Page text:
Could AI have Prevented the Exit Poll Mess in India?

Could AI have Prevented the Exit Poll Mess in India

As the vote counting for the grand 2024 Indian Lok Sabha elections began on June 4, many people resorted to social media platforms like X to express their dissatisfaction with the exit poll results, calling out their inaccuracies and calling for more reliable methods.

Various pollsters predicted the incumbent National Democratic Alliance (NDA) would secure 350-400 seats. However, the alliance only managed to secure 293 seats, with the BJP winning 240 seats.

With exit polls having strayed way off the mark even in the past, could AI emerge as a potential game-changer here?

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In Comes AI

“Instead of directly questioning individuals—which can introduce social desirability bias—we extrapolate their opinions from their online interaction. This method minimises bias and eliminates the need for lengthy and tedious interviews,” said Matteo Serafino, chief data scientist at KCore Analytics, in an exclusive interaction with AIM.

The data research company predicted voter preferences using AI collected from people’s online activities on social media—what they were reading, writing, and reacting to.

This data, collected in real-time, was then analysed using AI algorithms that take into account various factors that could affect elections, such as inflation, thereby providing more accurate predictions.

Streamlining Data

“We compile a basket of users with identified preferences, akin to a sample in traditional polling. This data is then integrated with the macroeconomic and historical data through a reweighting process, leading to our final insights. Crucially, this is all done while preserving user privacy,” said Serafino.

KCore converts unstructured input, including text, audio, and images, into structured data for analysis using techniques from network theory, natural language processing (NLP), and computer vision.

It employed Graph Neural Networks (GNN) for predictions and Bidirectional Encoder Representations from Transformers (BERT) for sentiment analysis.

It’s Not New Though

Numerous AI startups have already developed models to forecast elections., a software startup specialising in natural language processing, employed AI to examine social media remarks regarding Donald Trump and Joe Biden in the months leading up to the 2020 US elections.

The company’s AI interprets the emotions conveyed in social media posts and predicts how these will translate into votes. Using NLP, it classifies the attitude expressed in posts using over 80 distinct emotional categories.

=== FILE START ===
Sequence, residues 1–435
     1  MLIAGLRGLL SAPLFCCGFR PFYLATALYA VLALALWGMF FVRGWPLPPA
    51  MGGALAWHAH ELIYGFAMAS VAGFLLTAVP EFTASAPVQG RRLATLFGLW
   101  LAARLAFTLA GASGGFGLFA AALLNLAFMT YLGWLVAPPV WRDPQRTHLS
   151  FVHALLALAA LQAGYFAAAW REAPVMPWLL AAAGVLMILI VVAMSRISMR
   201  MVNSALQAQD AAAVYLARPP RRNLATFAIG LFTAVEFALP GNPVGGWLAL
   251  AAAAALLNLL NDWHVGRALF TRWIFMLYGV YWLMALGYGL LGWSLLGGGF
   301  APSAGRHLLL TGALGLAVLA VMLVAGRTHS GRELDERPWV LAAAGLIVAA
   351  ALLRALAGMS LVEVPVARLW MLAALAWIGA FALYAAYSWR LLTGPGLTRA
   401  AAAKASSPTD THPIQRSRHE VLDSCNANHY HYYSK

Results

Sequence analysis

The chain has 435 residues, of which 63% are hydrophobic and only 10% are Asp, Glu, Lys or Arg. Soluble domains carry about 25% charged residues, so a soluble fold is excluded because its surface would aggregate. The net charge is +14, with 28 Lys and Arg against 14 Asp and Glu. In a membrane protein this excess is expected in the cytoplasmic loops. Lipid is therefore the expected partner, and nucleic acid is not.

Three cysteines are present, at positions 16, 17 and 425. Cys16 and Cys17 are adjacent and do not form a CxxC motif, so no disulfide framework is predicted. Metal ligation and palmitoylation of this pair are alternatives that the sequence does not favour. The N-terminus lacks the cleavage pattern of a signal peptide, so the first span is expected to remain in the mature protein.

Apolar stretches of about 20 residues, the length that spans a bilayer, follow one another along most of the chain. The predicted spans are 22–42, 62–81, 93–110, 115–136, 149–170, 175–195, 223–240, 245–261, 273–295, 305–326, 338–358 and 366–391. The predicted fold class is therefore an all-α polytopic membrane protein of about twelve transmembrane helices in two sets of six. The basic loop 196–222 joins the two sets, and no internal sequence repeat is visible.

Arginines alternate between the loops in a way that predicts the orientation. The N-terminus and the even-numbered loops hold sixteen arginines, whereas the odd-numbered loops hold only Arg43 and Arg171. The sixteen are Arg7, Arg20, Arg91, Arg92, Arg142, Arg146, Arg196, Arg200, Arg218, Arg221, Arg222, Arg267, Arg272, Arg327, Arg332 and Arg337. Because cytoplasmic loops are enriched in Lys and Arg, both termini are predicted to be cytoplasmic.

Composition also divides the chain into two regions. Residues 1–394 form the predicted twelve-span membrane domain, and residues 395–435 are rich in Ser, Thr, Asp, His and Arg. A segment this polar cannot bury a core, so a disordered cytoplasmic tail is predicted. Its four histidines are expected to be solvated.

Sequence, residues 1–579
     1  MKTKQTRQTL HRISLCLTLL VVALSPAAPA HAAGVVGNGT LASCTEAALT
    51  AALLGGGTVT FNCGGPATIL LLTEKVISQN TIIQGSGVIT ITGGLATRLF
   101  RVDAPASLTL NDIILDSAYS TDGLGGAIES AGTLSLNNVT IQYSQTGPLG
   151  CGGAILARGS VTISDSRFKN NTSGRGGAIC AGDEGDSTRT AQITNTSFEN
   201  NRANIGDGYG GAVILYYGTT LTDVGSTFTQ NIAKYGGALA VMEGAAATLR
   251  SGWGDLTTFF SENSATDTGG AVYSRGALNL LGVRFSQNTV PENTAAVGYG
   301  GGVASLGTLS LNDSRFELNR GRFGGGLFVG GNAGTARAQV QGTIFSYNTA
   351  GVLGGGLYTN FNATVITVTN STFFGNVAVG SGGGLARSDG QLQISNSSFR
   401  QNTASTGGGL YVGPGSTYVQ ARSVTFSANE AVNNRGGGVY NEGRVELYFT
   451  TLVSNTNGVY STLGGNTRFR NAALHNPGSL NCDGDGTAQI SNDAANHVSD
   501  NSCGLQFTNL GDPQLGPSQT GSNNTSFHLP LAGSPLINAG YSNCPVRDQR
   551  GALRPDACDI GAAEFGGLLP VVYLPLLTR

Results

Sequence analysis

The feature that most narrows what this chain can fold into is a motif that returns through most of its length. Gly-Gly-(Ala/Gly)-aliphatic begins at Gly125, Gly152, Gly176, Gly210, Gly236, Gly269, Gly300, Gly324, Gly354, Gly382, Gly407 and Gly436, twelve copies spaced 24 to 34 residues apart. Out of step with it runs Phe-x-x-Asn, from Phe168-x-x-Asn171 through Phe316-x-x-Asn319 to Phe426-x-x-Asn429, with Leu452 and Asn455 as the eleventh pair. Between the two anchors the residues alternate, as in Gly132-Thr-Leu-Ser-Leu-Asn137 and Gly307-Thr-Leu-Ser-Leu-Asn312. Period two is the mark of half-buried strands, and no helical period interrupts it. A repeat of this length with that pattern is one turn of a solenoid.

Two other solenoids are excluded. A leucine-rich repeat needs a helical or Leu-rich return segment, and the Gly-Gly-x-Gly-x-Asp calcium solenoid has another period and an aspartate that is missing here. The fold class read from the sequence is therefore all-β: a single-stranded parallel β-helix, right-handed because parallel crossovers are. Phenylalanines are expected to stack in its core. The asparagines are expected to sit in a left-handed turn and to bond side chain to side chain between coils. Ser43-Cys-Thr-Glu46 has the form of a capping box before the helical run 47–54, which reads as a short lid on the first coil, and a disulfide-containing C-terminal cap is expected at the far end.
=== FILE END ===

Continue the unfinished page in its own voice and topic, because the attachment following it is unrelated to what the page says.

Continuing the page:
Another AI company,, used its programme to survey people in the United States in September 2020. It united vast groups of individuals via the internet, forming a “swarm intelligence” that magnified the members’ collective knowledge and ideas. correctly predicted the presidential election victor in 11 states.

Outdated Traditional Methods

In a typical exit poll, voters are interviewed as they leave the building after voting. Surveyors are trained and stationed at polling booths, and data is traditionally collected using pen and paper (now digitally).

However, the accuracy of the results can vary depending on many factors. These include sample size, demographic representation, structured questionnaires, random telephone or in-person interviews for fairness, and data compilation in a timely manner.

Thus, results can be distorted.

Yeshwant Deshmukh, the founder of C-Voter, one of India’s major polling organisations, identified sample sizes and limited resources as problems. He claims that polling in India is as complex as polling in a diverse region like the European Union, but “pollsters don’t have that kind of budget”.

With such challenges, AI-driven exit polls are the key to having close-to-accurate results. “In the future, traditional pollsters will integrate AI algorithms with their existing data. Given the continuous decline in response rates for traditional surveys, a gradual shift is anticipated, although the current industry mindset may resist such change,” said Serafino.

The post Could AI have Prevented the Exit Poll Mess in India? appeared first on AIM.

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